ended. The command not to eat blood preceded the Jewish law and continues to exist after the law, but the
command not to eat fat began and ended with the Jewish law. On the other hand, the principle involved in the
command to the Israelites not to eat the fat of animals is still valid. That principle is that the best belongs to
God. We should be glad to give the best of everything we have to Him, though we no longer need to symbolize
it by not eating fat. Giving the best to God included giving Him the first tenth of our income and the best of our
talents and energy. He deserves our best because of all He is and because of all He has done for us. However,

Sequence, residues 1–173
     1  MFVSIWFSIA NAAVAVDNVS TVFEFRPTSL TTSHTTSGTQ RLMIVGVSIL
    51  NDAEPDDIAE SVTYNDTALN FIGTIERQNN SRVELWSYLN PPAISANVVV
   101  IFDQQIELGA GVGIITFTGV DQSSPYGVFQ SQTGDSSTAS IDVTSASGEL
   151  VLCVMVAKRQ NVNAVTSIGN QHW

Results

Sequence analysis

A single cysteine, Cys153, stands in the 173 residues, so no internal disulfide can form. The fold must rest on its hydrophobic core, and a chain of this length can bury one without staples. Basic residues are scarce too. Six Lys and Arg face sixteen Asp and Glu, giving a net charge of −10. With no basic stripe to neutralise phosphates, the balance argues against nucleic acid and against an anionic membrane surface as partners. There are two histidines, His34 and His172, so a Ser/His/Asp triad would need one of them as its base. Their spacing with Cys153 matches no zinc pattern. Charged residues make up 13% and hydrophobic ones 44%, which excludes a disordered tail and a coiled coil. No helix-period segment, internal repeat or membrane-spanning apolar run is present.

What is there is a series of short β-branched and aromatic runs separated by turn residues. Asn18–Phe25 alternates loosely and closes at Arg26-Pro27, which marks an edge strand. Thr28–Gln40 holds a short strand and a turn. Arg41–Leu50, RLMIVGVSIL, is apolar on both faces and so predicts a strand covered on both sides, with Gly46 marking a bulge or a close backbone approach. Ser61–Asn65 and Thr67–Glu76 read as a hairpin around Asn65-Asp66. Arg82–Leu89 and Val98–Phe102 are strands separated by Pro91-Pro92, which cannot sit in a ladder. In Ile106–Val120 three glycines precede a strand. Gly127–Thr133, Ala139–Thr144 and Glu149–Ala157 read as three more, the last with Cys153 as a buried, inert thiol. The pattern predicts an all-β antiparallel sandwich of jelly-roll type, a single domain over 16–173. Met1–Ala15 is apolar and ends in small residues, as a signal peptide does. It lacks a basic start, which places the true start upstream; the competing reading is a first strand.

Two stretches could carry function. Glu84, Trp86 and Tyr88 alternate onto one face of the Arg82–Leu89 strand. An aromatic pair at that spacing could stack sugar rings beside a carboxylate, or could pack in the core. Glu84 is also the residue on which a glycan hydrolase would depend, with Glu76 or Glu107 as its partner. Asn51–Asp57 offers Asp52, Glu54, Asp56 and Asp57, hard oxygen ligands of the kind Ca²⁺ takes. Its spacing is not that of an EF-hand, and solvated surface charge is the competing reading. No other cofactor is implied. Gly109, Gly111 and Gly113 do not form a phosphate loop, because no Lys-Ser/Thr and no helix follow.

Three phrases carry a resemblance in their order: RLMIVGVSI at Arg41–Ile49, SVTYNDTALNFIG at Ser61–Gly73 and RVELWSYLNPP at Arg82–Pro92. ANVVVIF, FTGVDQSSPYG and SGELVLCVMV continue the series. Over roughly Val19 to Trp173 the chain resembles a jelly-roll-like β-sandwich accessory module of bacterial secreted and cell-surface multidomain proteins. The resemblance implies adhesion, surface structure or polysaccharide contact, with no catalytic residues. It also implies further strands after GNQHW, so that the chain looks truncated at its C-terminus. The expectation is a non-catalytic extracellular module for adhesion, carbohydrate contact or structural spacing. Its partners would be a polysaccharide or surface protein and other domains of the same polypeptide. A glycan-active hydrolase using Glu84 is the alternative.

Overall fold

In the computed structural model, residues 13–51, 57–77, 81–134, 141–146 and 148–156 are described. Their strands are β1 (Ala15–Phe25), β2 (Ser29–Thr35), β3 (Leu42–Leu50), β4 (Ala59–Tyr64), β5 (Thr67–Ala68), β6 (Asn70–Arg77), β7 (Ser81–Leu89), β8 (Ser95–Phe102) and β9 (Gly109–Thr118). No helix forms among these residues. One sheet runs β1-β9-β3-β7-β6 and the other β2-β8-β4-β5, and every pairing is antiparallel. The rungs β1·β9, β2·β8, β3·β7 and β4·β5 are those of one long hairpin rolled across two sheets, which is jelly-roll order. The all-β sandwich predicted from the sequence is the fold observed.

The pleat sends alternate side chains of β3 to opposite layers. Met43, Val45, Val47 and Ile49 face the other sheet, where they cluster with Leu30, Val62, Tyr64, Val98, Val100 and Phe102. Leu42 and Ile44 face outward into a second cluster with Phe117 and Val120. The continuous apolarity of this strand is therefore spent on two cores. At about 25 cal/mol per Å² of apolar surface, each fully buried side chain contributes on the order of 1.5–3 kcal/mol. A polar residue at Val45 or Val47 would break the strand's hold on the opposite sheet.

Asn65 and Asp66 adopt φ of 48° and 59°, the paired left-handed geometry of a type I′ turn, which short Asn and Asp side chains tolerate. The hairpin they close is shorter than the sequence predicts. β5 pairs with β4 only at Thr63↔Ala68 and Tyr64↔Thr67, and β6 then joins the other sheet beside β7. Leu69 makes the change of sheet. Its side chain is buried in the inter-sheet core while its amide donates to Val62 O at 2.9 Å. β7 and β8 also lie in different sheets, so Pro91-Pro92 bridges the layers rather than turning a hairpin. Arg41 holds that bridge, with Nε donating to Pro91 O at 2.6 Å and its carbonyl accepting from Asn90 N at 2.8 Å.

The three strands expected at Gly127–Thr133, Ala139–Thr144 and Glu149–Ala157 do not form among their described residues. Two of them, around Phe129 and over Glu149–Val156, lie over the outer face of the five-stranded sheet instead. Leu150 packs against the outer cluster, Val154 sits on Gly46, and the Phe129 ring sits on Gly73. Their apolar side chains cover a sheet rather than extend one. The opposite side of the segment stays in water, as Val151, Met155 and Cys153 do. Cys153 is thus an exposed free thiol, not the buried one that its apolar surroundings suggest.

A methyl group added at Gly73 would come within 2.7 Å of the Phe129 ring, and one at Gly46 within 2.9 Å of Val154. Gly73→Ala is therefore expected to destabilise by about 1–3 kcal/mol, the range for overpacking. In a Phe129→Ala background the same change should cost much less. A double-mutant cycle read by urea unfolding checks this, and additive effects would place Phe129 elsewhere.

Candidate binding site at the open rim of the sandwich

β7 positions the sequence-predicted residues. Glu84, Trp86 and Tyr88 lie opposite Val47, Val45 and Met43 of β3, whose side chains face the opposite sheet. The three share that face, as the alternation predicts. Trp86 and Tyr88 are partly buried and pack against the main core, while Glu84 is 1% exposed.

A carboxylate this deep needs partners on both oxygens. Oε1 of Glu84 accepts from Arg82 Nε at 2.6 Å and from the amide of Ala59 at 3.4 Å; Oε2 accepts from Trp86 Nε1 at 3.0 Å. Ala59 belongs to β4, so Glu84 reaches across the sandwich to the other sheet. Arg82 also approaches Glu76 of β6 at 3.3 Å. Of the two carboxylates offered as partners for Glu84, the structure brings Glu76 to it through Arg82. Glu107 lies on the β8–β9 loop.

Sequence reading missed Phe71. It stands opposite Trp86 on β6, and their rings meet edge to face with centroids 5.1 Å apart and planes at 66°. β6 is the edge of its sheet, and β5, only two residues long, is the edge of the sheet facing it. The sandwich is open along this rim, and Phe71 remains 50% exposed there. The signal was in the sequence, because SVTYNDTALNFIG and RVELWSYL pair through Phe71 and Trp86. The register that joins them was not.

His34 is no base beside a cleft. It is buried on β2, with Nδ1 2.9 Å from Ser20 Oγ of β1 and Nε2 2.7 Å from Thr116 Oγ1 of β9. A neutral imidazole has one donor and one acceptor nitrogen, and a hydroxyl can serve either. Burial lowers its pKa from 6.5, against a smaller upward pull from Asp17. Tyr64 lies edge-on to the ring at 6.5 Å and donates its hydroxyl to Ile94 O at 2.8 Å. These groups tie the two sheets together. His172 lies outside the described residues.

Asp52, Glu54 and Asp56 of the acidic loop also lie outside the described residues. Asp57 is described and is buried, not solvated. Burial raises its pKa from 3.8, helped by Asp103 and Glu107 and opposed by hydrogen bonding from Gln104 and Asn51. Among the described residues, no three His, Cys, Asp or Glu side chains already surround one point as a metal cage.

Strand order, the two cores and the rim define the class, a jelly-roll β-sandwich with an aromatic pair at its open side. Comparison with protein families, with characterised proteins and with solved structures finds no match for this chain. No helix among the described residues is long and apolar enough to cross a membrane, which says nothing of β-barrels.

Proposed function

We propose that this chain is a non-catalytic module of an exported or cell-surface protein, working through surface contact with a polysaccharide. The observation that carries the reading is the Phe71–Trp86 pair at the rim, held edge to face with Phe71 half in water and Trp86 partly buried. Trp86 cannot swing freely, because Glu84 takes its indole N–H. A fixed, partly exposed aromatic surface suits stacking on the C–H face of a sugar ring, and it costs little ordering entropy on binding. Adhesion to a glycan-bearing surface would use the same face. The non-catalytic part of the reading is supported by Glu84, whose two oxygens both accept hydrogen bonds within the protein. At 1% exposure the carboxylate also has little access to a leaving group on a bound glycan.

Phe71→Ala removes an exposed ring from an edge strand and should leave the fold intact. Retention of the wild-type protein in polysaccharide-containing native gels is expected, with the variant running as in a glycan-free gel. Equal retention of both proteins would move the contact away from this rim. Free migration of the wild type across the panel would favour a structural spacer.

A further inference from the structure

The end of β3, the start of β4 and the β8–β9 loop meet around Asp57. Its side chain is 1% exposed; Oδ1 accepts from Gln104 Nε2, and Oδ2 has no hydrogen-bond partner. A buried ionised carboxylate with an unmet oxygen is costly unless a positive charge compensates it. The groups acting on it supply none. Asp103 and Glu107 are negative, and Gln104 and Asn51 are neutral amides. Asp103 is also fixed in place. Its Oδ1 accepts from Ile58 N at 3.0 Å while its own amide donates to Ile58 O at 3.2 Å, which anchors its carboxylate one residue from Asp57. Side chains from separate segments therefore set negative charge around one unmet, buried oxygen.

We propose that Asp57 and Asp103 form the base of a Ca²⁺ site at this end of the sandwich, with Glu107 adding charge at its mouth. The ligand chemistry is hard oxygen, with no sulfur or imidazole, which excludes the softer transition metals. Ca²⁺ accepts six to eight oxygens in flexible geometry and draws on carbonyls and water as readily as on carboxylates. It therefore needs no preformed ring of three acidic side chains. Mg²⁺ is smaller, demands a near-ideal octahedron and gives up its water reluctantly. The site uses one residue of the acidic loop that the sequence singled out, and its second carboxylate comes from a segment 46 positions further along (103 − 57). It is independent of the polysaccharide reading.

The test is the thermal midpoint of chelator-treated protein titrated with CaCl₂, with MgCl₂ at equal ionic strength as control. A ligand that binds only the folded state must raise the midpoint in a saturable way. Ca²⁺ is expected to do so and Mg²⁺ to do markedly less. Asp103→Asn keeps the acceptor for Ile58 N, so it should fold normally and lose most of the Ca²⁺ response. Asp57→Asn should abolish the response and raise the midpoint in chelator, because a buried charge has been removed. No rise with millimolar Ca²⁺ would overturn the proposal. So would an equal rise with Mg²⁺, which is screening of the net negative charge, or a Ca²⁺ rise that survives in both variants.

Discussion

nothing in the New Testament indicates that Christians are obligated to symbolize our desire to give the best to
God by refraining from eating fat. That prohibition to the Israelites was founded on the ritual offerings at the
altar. Those offerings are no longer an obligation to Christians, and neither is the extension of those offerings
by not eating fat at home. The removal of this obligation says nothing about the wisdom of eating fat for health
purposes. Avoiding eating fat to prevent the build-up of cholesterol in our arteries or the excessive collection of
triglycerides in our bodies is an entirely different question, which is not dealt with in Leviticus. What is dealt
with in Leviticus is that avoiding eating fat was a ritual obligation, and the New Testament clearly reveals that
the ritual obligations of Israel are not required for Christians today. However, the truth that this commandment
taught to the Israelites still remains for us today. We should give the best of all we are and have to God.